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View Poll Results: Any interest in a CFW Slowfire M10/45 or M11/380 bolts

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  • CFW M10\45 BOLT

    103 66.88%
  • CFW M11\380 BOLT

    63 40.91%
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Thread: CFW M10/45 and M11/380 Slowfire Bolts

  1. #321
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    I think it would be complicated to extend the ZMAG feed lips. How about a version of Richard's older SF (single feed) DIFR (drop in feed ramp) for use with 380 and the unmodified ZMAGs?

  2. #322
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    Quote Originally Posted by strobro32 View Post
    I think it would be complicated to extend the ZMAG feed lips. How about a version of Richard's older SF (single feed) DIFR (drop in feed ramp) for use with 380 and the unmodified ZMAGs?
    Hmm, I didnít know such a thing existed. Anyone have a picture of one?

  3. #323
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    I can not find a picture of the DIFR on the net. The pics are missing now.

    Now that I think of it, the DIFR probably would not work. Lage used them as a solution for double feed mags. The DIFR fit over the feed ramp and was secured by the upper. It helped DF mags load cartridges from left and right into the chamber. The problem with short feed lips on a magazine is the cartridges tend to shoot up before the bullet nose enters the chamber.

  4. #324
    Registered User DistalRadius's Avatar
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    Quote Originally Posted by strobro32 View Post
    I can not find a picture of the DIFR on the net. The pics are missing now.
    Distal to the rescue. Just pulled mine out for a few photos. Photobucket wiped out my old ones, so I don't have any "pre-fitting" pics. It required extensive fitting to my lower. But it is the key to my Max11DF running Suomi mags so it is worth its weight in gold to me.

    [IMG]DIFR by E P, on Flickr[/IMG]

  5. #325
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    Yes, please.

  6. #326
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    Still hopeful on the M10/45. Maybe run a cost only run for at a lower volume for the good cause?

  7. #327
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    Quote Originally Posted by cjsoccer3 View Post
    Still hopeful on the M10/45. Maybe run a cost only run for at a lower volume for the good cause?
    Boy, that is a big ask! A M10/45 bolt is a very big chunk of tungsten. Then it not only needs the machining of a M10 bolt, but it needs extra machining to lighten it. The prototype of the M10/45 was too heavy. Certainly Vegas can comment. As I recall Vegas posted that his cost was over $1,600. Plus there is the extra machine work to lighten up the bolt as the solid tungsten bolt is too heavy. So I am clear you're asking for a "cost only" run of bolts? To me you're asking that he lay out $17,000 or $18,000 for say 10 bolts with no profit for such a big investment?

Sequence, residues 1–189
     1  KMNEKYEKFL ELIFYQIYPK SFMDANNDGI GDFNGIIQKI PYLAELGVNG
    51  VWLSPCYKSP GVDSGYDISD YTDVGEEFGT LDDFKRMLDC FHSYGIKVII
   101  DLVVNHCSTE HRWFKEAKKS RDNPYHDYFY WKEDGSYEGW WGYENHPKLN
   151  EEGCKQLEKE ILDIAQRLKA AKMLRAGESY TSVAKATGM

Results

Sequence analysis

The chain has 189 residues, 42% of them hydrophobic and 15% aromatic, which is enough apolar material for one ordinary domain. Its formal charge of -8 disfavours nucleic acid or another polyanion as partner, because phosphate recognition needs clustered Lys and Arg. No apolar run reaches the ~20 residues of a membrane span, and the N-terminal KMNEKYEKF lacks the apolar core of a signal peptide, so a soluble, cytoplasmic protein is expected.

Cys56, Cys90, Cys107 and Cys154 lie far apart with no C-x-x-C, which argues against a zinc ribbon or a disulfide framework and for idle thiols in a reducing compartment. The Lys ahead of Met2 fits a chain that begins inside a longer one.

I have seen many post that they are willing to pay for the M10/45 bolt. So why don't someone pick up the torch and get this done? I would think that Vegas has done this community a great service bringing the M11 series a tungsten alloy bolt. Is this all on his shoulders? I, for one, very much appreciate what he has done. Thank you Vegas.

    Scott

  8. #328
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    I agree Scott. Vegas has done a lot for this community. He’s gone over and above for me personally on a couple of occasions!!!

  9. #329
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    Quote Originally Posted by A&S Conversions View Post
    Boy, that is a big ask! A M10/45 bolt is a very big chunk of tungsten. Then it not only needs the machining of a M10 bolt, but it needs extra machining to lighten it. The prototype of the M10/45 was too heavy. Certainly Vegas can comment. As I recall Vegas posted that his cost was over $1,600. Plus there is the extra machine work to lighten up the bolt as the solid tungsten bolt is too heavy. So I am clear you're asking for a "cost only" run of bolts? To me you're asking that he lay out $17,000 or $18,000 for say 10 bolts with no profit for such a big investment?

    I have seen many post that they are willing to pay for the M10/45 bolt. So why don't someone pick up the torch and get this done? I would think that Vegas has done this community a great service bringing the M11 series a tungsten alloy bolt. Is this all on his shoulders? I, for one, very much appreciate what he has done. Thank you Vegas.

    Scott
    Most folks don't have access to tooling, don't know how to use it or care to learn. Big ol chunk of tungsten would not be a whole lot of fun on a manual machine. Tooling likely won't last long so it's not only a cost of time and materials but tooling and machine wear. Gets very expensive very quick.

  10. #330
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    Vegas, like me, pays professionals to do the work. So it is not so much about "skills" as it is about investment. The M10 version is much more complicated than the M11 series. The full size bolt is too heavy. How will the bolt be made lighter? There needs to be a plan to do so. If you are paying professionals, that is even more money laid out before a single chip is made.